Whether encouraging citizens to pay taxes, get vaccinated or obey the rule of law, governments can achieve more from compliance than coercion. Given recent political scandals around the world, including those in the UK, rebuilding trust will be vital for tackling future crises.
Trust is essential for governance, and it is therefore necessary for governments to build it among the public.
Many political economists see effective states as those stemming from ‘top-down’ directives by governments. Investments into state capacity by incumbents, such as establishing an effective bureaucracy, increase the range of policies a government can implement successfully. Citizen compliance with policies is either assumed or, alternatively, achieved via coercion by law enforcement.
A second approach to state building stresses the role of individuals. Here, citizens and the government work in a mutually reinforcing, reciprocal relationship (Besley, 2021). ‘Bottom-up’ private action can similarly enhance state effectiveness.
If government is perceived to be trustworthy, people will be more likely to comply with public policies via consent. Public trust in government and the state is therefore crucial for increasing voluntary compliance.
Governments can achieve more if they know that citizens trust that policy-makers have their best interests at heart. And while it is easy to see how public trust can be eroded, (re)building trust is pivotal and can be challenging.
The importance of public trust
Trust in government and the state matters for a variety of reasons. Primarily, it increases voluntary compliance towards public policies. If we think of state capacity broadly as ’the government’s ability to accomplish its intended policy goals’, it stands to reason that compliance serves an essential purpose (Dincecco, 2017).
The archetypal example of state capacity is fiscal capacity – referring to the state’s ability to increase tax revenues to fund public goods and services for society (Besley and Persson, 2011). Investments into fiscal capacity typically involve strengthening bureaucracies and establishing fair and transparent tax systems, part of which involves improved monitoring. Citizen compliance with paying one’s taxes is therefore a direct function of the state’s oversight and reach to enforce tax policy (Allingham and Sandmo, 1972).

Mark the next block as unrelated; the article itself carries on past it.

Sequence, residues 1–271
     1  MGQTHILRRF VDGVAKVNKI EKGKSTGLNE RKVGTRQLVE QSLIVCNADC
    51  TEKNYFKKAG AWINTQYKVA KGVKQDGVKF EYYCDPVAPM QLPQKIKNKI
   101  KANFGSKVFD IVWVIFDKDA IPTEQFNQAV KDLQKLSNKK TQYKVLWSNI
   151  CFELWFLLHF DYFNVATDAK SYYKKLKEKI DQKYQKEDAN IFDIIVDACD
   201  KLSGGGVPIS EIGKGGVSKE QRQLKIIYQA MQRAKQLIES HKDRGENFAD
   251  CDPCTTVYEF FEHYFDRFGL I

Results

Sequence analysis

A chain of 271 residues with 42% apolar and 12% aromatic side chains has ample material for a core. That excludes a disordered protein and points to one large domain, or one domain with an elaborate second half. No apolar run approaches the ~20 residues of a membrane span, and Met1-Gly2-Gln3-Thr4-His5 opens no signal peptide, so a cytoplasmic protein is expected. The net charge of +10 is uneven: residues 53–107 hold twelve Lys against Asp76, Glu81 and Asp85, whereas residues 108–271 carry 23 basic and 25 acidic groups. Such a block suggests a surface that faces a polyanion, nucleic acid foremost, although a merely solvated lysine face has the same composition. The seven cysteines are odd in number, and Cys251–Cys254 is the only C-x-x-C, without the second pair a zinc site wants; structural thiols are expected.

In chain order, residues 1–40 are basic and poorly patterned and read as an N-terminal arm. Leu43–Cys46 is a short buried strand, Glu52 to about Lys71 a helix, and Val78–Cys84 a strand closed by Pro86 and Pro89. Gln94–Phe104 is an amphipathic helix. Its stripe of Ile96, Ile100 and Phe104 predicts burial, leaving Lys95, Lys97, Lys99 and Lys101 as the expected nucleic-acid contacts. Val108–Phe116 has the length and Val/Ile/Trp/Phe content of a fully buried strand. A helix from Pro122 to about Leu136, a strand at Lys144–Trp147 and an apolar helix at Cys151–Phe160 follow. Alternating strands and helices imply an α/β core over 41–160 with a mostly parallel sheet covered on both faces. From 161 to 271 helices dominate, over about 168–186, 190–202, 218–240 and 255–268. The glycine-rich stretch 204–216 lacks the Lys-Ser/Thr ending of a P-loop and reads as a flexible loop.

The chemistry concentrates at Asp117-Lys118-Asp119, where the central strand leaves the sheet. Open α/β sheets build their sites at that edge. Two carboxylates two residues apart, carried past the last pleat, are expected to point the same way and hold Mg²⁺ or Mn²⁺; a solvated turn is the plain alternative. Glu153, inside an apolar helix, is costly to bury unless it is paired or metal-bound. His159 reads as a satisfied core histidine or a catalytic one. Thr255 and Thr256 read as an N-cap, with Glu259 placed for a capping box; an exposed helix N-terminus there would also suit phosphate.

At the same time, if people think that tax revenues are well spent on public goods and services – with government proving its trustworthiness against profligacy as a result – this should increase society’s intrinsic willingness to pay taxes (Levi, 1988). In economics, this is sometimes known as ‘tax morale’ (Luttmer and Singhal, 2014).
Trust in government is crucial to establishing norms of compliance towards taxes (OECD, 2019). And compliance via consent, as opposed to compulsion, is a substantially cheaper method to implement effective policies (Tyler, 2006).
Supporting fiscal capacity via tax morale is one example of how voluntary compliance enhances state capacity via trust in government. But there are a range of other policies that require high levels of compliance to be successful, beyond just taxes. And there are also a host of activities by which citizens interact with the state on key issues which require public trust.
The Covid-19 pandemic is a useful setting to explore this idea further. Across countries, vaccine rollouts have almost exclusively been administered by the state (as opposed to private companies). Trust in government has therefore been necessary to incentivise people to get vaccinated (and to thwart conspiracy theories that go against government-backed scientific advice).
Even before the pandemic, there was evidence of a strong association between public trust and inoculation willingness (Blair et al, 2017). Political trust during Covid-19 has also been associated with greater compliance with lockdown policies (Bargain and Aminjonov, 2020). Clearly, with a public health emergency like Covid-19, trust in government has been a vital asset for delivering effective interventions such as the vaccine rollout.